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Your actual loss for tax purposes is not your mortgage payment minus rent---it is a little more complex than that. You are allowed to deduct your mortgage interest, property taxes, fees, most expenses, etc. and deprectiation for the property. Most persons who own rental real estate have losses in the first few years especially.
For tax purposes, in general you are allowed a loss of up to $25,000 per year as a real estate, passive loss (less if you file married separately) but there is an income limitation to the loss that you are allowed to take. If your Adjusted gross income is greater than 100K, $1 of your loss is disallowed for every $2 over 100K that you earn. This means that if your income was 150K, your loss would not be able to be taken on the current return. However--your loss carries forward, so that when you have other passive income or you have less overall income (or you sell the property) you can take advantage of this loss.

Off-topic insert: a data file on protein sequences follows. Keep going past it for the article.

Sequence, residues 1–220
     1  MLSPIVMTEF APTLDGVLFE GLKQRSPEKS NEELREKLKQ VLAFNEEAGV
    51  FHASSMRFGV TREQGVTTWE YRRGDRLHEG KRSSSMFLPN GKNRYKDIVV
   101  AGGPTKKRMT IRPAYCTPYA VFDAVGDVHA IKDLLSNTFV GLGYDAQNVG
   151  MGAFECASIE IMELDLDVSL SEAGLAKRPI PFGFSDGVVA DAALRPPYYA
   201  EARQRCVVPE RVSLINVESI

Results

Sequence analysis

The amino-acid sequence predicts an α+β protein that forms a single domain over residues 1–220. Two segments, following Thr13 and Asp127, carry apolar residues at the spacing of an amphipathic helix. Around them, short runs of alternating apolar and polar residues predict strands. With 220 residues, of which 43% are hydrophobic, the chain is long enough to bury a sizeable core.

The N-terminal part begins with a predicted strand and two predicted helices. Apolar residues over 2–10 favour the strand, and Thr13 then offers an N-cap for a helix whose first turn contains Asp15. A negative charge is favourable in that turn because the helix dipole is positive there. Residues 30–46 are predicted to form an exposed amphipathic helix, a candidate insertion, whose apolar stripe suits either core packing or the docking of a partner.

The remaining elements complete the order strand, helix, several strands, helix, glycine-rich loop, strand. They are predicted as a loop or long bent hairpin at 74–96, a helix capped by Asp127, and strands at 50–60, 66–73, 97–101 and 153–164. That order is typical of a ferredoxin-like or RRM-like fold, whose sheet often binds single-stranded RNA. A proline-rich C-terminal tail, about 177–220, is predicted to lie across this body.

Here is more detail: http://www.irs.gov/taxtopics/tc414.html
page 13 in this pub for loss limits: http://www.irs.gov/pub/irs-pdf/p527.pdf
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